STATUS: Running out the door in about 30 minutes for all-day meetings. If I had been smart, I would have taken a day or two off right after BEA. Make note for next time….
What’s playing on the iPod right now? BEAUTIFUL DAY by U2
As authors (and even as agents), we aren’t always up on the latest technology so let this be a reminder to always have a backup system in place—even for things you didn’t think needed backing up.
The sad part of this story is that the attack on Sarah Rees Brennan’s live journal and her email account was obviously a deliberate one. We can only assume it was meant to sabotage her release day as Sarah Rees has a large online following and there are a lot of great things tied into her internet presence for her release day.
The good news is that she foiled her saboteur. With the help of a lot of good friends, supporters, and fellow generous writers, Sarah is good to go today–her official release day for her debut YA—THE DEMON’S LEXICON.
It happened six days before my book came out.
I was in the shower, singing a country music song and blinking coconut-scented bubbles out of my eyes, when I heard my phone ring and scrambled out to answer the phone. It was my friend Bob. ‘Hello, Bob,’ I said in a perplexed way. ‘Aren’t you at work?”
Go to your computer,’ he said. ‘Don’t freak out. I’m going to help you fix this.’
I went to my computer and saw that my blog had been deleted. I’d been writing my blog for seven years, since I was eighteen, and it had a lot of my life recorded in it: the parts dearest to me were the posts announcing my book deal, and all the posts I’d made about the terrifying, wonderful process of publication in the almost two years since then. They were all gone.
Then I tried to get into my email, and discovered that was where the hackers had got in: the thought of malicious strangers being able to go through all of my personal and some fairly crucial business emails had me shaking in my fluffy pink bath towel, but there was just no time to panic: I had to call about a hundred people, starting with my bank, proceeding onward to my website hosts and my friends, all the while being on the phone to report the computer abuse to both livejournal and google.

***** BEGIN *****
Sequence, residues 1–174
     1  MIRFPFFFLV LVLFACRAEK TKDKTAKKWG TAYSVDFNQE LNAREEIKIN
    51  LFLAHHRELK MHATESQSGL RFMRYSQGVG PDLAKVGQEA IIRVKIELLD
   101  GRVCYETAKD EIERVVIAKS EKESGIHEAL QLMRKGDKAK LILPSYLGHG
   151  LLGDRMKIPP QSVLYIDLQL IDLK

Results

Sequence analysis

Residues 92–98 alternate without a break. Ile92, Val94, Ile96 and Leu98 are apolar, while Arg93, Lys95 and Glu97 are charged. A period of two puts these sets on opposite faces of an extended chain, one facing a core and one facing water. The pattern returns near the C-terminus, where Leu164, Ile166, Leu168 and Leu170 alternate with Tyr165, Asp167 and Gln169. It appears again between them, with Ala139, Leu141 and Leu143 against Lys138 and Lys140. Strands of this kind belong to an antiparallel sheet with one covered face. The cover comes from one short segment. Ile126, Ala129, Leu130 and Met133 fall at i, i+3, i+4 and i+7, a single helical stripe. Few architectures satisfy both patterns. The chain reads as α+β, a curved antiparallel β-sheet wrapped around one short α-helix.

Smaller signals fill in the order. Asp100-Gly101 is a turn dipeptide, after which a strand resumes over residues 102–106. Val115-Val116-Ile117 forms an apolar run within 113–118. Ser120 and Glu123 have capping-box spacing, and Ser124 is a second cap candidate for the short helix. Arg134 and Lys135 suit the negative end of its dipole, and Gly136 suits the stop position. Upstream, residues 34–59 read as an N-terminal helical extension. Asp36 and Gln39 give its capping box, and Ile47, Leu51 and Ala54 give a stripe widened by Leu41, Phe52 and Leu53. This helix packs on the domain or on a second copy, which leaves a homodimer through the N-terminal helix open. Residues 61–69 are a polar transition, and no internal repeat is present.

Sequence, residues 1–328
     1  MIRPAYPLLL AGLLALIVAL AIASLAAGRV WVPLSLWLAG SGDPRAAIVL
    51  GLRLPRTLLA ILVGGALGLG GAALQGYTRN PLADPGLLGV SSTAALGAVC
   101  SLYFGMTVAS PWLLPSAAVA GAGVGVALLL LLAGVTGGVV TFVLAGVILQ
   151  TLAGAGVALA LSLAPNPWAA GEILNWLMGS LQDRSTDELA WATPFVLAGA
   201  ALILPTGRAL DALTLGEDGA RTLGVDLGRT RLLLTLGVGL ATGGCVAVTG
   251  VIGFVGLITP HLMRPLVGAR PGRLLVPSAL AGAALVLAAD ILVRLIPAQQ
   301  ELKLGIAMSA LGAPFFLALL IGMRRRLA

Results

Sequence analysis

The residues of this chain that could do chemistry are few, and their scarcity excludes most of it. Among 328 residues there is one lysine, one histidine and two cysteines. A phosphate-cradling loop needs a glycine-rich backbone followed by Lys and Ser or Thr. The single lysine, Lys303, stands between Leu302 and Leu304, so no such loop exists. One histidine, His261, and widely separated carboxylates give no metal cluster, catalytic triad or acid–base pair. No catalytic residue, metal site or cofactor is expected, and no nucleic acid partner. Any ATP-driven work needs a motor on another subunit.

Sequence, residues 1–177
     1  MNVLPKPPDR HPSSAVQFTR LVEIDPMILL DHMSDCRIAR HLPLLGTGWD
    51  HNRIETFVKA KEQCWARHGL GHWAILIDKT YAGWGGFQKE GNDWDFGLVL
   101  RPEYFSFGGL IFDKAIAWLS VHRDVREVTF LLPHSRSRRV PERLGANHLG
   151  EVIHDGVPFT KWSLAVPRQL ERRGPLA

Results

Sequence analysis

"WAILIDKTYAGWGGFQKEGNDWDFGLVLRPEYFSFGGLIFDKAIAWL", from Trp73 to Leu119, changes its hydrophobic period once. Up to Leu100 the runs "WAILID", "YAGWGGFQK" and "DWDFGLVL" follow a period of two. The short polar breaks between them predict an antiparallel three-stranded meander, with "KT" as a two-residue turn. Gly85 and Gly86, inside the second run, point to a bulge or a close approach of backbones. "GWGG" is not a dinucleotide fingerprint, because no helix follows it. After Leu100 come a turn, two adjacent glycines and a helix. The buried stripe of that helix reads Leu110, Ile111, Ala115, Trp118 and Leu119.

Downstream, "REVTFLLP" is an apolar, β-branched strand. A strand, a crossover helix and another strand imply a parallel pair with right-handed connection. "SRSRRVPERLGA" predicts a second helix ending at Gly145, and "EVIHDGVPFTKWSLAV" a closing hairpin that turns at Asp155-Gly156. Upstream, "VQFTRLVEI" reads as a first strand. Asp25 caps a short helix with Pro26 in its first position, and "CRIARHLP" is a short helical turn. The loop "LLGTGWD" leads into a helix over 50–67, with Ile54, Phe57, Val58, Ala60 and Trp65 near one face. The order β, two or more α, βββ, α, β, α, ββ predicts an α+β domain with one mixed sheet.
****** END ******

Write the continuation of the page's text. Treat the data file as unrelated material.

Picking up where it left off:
Thanks to the efforts of my more computer savvy friends, who were basically acting as my ninja team of technology, I got control of my blog and my email back in less than three hours. Unfortunately, that was plenty of time to delete every post I’d ever made on my blog, and every email I’d ever sent or received: emails from a long-distance boyfriend, my first email from my publisher, a million emails from my best friend in the diplomatic service. Not to mention all of my email contacts, which was scary given the whole six days to publication, and all the people I needed to be in contact with whose email addresses I had not memorized.
It still makes me feel a little ill to think of all that, lost. Then my tech ninjas said ‘Sarah… this looks like deliberate malice rather than a regular hack’ and I said sadly that given the timing, I had figured as much.
It was probably just someone who didn’t like my style on my blog, and thought they’d take me down a peg. Holy violation of privacy, Batman! The internet is sometimes a scary place.
Since I was given that object lesson in It Can Happen To You, I collected up some very, very simple tips (I am not a tech ninja, so I can only understand the basics!) on how to safeguard yourself against hackers, and wish to share them with you guys. Especially since I know a lot of you are writers, and I don’t want anyone trying to ruin your big day! So three tips, then.
1. Using your password on public or unsecured wifi is not safe, as it means you’re broadcasting your login data: so if you’re going on holiday or away on business and you’re going to be using public or unsecured internet for some time, change your password before you go and when you come back.
2. Whenever you’re given a link, hover your mouse over it and see where it leads before you go there: just going to a dodgy site can infect your computer, so always regard new sites with a little wariness.
3. And then there are passwords, and how we really do need them to be random, even though it’s so much easier to remember your dog’s or your boyfriend’s name… Not that I’m suggesting those two things are on the same level. I really love my dog! Here’s a great site with tips for creating better passwords.
And if despite your precautions – and I thought I’d taken precautions myself – it happens, well, it happens, and it’s awful, but right after it happened to me my blog readers were collecting up all their saved entries from my blog, and helping me reconstruct it. Lots of people re-sent emails to me that they’d sent me years ago. And one blog reader provided me with some handy tips, much like the ones I’m giving out to you! The internet can be scary sometimes, but it can be great as well.
Even though that day last week was horrible, today is wonderful. My book is out – my very first book, on shelves, where people can read it!
And nobody can delete that.
A stack on the table at the Borders–Penn Station